California fails to make the grade when it comes to valuing universities
Spring is the time for commencement ceremonies and self-congratulation.
But this year is no time for celebration when it comes to California’s public universities. A new report from the California Budget Project underscores how poorly voters, bureaucrats and elected officials have managed the state’s signature assets. And how persistent failure to fairly allocate funding has shifted the burden of higher education onto the shoulders of students and their families.
For the past three decades, public university funding has fallen 13 percent in inflation-adjusted dollars while enrollment has risen 50 percent, roughly half the rate of population growth. Meanwhile, the report says, tuition and fees have skyrocketed from $1,376 to $5,472 a year at California State University campuses and from $2,865 to $12,192 at the University of California system.
As a member of the CSU Channel Islands Foundation board, I’ve seen the direct impact of this mismanagement in the Ventura-Santa Barbara-North Los Angeles County area we are supposed to serve. CSUCI was built to be a high-tech, pioneering effort to provide education to a diverse population, including the large number of Hispanic students, many of them farmworker’s children, who reside in the area.
For much of the past decade, CSUCI has lived under a draconian regime of enrollment caps that were the direct result of funding shortfalls. Only heroic efforts by university President Dick Rush kept the Camarillo campus from losing students and it is only now clawing its way back toward a decade-long goal of 15,000 undergraduate enrollments.
UC Santa Barbara and Cal Poly San Luis Obispo are increasingly filling their budget holes by accepting more foreign and out-of-state students, who pay mucher higher tuition. And as the CBP report shows, in-state undergraduates are graduating with average debt loads of between $15,000 and $20,000.
Gov. Jerry Brown’s proposed budget for the new fiscal year includes an additional $142 million for each system, but that’s more of a band-aid than a long-term fix.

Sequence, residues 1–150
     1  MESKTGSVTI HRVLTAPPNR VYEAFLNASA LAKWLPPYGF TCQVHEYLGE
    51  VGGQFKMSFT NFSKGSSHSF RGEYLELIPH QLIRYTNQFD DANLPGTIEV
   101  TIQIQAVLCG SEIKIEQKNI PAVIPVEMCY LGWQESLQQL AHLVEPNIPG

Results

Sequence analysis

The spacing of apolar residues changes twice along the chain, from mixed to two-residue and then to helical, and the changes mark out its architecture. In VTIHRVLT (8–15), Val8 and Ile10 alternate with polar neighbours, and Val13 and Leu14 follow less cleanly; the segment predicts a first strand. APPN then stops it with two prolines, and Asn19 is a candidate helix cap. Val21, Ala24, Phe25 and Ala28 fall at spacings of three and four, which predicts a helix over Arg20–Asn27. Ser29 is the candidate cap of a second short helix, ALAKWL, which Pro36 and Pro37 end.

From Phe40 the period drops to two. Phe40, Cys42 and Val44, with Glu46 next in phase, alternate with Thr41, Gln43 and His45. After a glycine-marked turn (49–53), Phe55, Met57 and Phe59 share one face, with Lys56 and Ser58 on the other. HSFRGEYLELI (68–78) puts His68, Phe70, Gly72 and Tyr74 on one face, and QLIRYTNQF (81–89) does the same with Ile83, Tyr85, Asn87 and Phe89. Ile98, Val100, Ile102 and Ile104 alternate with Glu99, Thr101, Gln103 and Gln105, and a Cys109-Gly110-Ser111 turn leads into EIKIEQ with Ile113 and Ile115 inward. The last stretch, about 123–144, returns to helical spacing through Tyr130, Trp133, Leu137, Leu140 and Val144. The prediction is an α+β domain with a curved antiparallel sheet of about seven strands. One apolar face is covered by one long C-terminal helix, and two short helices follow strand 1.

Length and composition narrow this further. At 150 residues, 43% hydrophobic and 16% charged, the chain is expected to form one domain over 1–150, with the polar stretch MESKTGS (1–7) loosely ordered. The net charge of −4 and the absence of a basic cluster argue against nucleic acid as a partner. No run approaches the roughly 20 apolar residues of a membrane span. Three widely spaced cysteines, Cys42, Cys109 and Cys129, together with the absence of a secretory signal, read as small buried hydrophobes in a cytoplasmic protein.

To truly fix California’s ailing university system will take a serious rethink of both the way it is funded and how it operates. Here are a few thoughts:
• Putting private capital to work for public university expansion is a path to success. For capital-hungry campuses such as CSUCI, and to a lesser extent UCSB and Cal Poly, waiting in a long line for public funding is not a viable option. Getting fast-track authority for public-private partnerships is going to be the key to growth.
• Pension reforms at both the state and university levels must be on the table. Reducing the amount of money that gets tied up in pensions is the only way to truly find funding for the future of the university system for the long haul. That means public-sector unions giving ground on retirement costs in order to let campuses like CSUCI grow and add new jobs.
• The private sector will have to do its part, particularly when it comes to scholarship funding, to keep a lid on student loans. The well-established efforts at the Scholarship Foundation of Santa Barbara and Ventura County Community Foundation will have to be greatly expanded to meet future needs.
• Vigorous and community-minded leadership at the campus level will be required to both create new opportunities for graduates and to keep the private sector engaged. Jeffrey Armstrong at Cal Poly has been most impressive in re-connecting his campus to the San Luis Obispo community.
The bottom line on the current crisis in higher education funding is that a new generation of college-bound Hispanic high-school graduates is really getting the short end of the stick. It’s particularly distressing because this generation, as with many of our own parents, often consists of the first members of a family with the ability to go to college. Immigration reform will not solve this problem but it will instead place a lot more financial pressure on CSU and UC enrollments.
The state needs more growth-oriented policies so it can grow the economic pie for all and provide funding for higher education. And it needs to rethink how many new programs and new regulations it can afford without choking off more opportunity.
Gov. Brown is on to this problem, and his budget plans are a signal that he’s keen to make a reshaping of the CSU and UC systems a part of his legacy. The bitter fight over Prop. 30 tax increases gave him some cash to put into the system but it is really only a down payment on a much larger fix.
• Contact Henry Dubroff at email@example.com.